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Egg price hike sees consumers hatch a boycott as winter production drops

By Suzanna Goussous - Jan 17,2017 - Last updated at Jan 17,2017

AMMAN — Consumers have called for a boycott of table eggs after recent price hikes, while poultry farm owners and Ministry of Agriculture officials on Tuesday said rising costs were due to a “drop in production” for the season.

Consumer Protection Society (CPS) President Mohammad Obeidat said the society started the campaign to boycott table eggs to protest the “monopolisation” of the sector.

“Table eggs are vital to children and adults due to their nutritional benefits. Raising their price by 30 per cent will have an effect on low-income families,” he told The Jordan Times.

“We aim to deliver this message to farm owners and the relevant authorities by boycotting eggs until our demands are met,” Obeidat said. 

He explained that the campaign urges consumers to find alternatives to table eggs.

The society president said several housewives and activists have joined the campaign, launched this week, adding that they have invited their neighbours and family members to join, “until traders and farmers respond to the people’s demands”.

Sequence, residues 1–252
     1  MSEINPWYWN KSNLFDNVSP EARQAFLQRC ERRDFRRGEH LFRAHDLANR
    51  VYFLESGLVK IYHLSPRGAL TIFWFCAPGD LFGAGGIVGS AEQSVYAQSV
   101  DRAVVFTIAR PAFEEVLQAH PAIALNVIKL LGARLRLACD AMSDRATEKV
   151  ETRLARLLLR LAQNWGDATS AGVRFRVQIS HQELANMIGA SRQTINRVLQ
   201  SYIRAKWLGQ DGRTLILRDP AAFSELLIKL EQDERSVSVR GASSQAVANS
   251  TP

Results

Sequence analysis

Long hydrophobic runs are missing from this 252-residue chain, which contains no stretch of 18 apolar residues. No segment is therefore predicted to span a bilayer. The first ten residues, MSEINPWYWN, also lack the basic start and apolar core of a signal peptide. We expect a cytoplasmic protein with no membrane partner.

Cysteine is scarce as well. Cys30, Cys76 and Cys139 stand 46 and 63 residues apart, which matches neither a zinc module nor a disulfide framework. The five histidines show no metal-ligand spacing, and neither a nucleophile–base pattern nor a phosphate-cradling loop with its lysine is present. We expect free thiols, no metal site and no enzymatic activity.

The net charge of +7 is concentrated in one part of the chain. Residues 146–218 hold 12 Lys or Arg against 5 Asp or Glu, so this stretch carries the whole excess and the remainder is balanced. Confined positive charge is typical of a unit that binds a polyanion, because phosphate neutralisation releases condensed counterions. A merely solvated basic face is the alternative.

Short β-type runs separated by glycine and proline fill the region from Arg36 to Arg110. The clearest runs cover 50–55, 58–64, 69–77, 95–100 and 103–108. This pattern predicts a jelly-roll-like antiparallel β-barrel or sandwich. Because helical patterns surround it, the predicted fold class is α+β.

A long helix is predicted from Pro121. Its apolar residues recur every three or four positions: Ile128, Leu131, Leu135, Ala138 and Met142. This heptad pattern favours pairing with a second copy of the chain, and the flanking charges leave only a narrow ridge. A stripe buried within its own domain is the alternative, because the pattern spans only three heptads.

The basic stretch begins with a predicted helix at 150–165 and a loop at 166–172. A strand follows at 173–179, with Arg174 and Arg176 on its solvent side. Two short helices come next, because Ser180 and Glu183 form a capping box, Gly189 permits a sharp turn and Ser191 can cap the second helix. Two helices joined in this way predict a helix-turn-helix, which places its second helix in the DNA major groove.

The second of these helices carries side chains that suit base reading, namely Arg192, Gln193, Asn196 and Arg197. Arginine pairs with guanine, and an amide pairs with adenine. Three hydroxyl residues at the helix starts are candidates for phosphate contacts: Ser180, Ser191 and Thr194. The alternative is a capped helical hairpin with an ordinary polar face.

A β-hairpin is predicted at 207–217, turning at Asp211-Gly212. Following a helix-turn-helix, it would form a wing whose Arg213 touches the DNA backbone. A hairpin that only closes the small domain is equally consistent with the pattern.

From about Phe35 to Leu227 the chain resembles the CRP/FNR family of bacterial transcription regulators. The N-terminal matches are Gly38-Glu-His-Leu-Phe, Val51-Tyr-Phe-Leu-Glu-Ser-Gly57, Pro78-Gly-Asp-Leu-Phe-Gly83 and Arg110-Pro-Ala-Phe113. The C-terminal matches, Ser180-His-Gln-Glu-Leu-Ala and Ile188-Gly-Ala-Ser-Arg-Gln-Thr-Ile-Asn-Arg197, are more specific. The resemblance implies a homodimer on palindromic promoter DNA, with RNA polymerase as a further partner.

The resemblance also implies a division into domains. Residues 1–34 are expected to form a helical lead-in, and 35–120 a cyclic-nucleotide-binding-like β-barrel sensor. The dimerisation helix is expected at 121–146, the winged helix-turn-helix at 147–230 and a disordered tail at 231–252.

Consumer Asma Shihadeh, a mother of three, said she will boycott table eggs until the reversal of the decision to raise prices.

“Eggs are one of the most important products for households, especially for children… This decision will affect us all negatively,” she said.

Before the increase, a carton of table eggs used to cost JD2.5, but a carton will cost around JD3.5 after the 30 per cent hike.

During marbaniyeh, the 40 coldest days of winter, the production rate of table eggs decreases, Agriculture Ministry Spokesperson Nimer Haddadin said. 

The marbaniyeh starts on December 21 and ends on January 30.

“The cold weather affects production in most fields, with rates decreasing. The price had to increase to make up for the gap. In winter, electricity bills increase by a good percentage, and the overall cost is higher for farmers,” Haddadin added.

Within two weeks, as the marbaniyeh concludes, prices will return “back to normal”, he said, expecting production to increase after the cold season. 

 

Haddadin noted that the prices of table eggs in Jordan after the 30 per cent increase are still “relatively cheaper” than in neighbouring countries.

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